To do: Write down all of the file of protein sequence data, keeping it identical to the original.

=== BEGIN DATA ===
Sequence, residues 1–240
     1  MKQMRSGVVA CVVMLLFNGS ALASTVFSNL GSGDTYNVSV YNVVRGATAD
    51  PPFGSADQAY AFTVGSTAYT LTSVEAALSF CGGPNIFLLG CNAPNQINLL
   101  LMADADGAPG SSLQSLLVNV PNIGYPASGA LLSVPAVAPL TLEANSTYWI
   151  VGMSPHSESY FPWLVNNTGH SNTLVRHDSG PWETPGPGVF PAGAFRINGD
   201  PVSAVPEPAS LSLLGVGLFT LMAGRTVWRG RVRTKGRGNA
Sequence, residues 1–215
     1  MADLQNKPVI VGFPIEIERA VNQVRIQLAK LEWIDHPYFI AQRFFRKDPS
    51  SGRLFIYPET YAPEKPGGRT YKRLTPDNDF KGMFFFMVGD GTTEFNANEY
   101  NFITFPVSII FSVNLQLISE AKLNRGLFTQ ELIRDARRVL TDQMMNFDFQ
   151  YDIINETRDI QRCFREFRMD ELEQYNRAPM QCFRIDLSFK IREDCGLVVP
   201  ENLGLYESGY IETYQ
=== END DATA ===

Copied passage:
Sequence, residues 1–240
     1  MKQMRSGVVA CVVMLLFNGS ALASTVFSNL GSGDTYNVSV YNVVRGATAD
    51  PPFGSADQAY AFTVGSTAYT LTSVEAALSF CGGPNIFLLG CNAPNQINLL
   101  LMADADGAPG SSLQSLLVNV PNIGYPASGA LLSVPAVAPL TLEANSTYWI
   151  VGMSPHSESY FPWLVNNTGH SNTLVRHDSG PWETPGPGVF PAGAFRINGD
   201  PVSAVPEPAS LSLLGVGLFT LMAGRTVWRG RVRTKGRGNA
Sequence, residues 1–215
     1  MADLQNKPVI VGFPIEIERA VNQVRIQLAK LEWIDHPYFI AQRFFRKDPS
    51  SGRLFIYPET YAPEKPGGRT YKRLTPDNDF KGMFFFMVGD GTTEFNANEY
   101  NFITFPVSII FSVNLQLISE AKLNRGLFTQ ELIRDARRVL TDQMMNFDFQ
   151  YDIINETRDI QRCFREFRMD ELEQYNRAPM QCFRIDLSFK IREDCGLVVP
   201  ENLGLYESGY IETYQ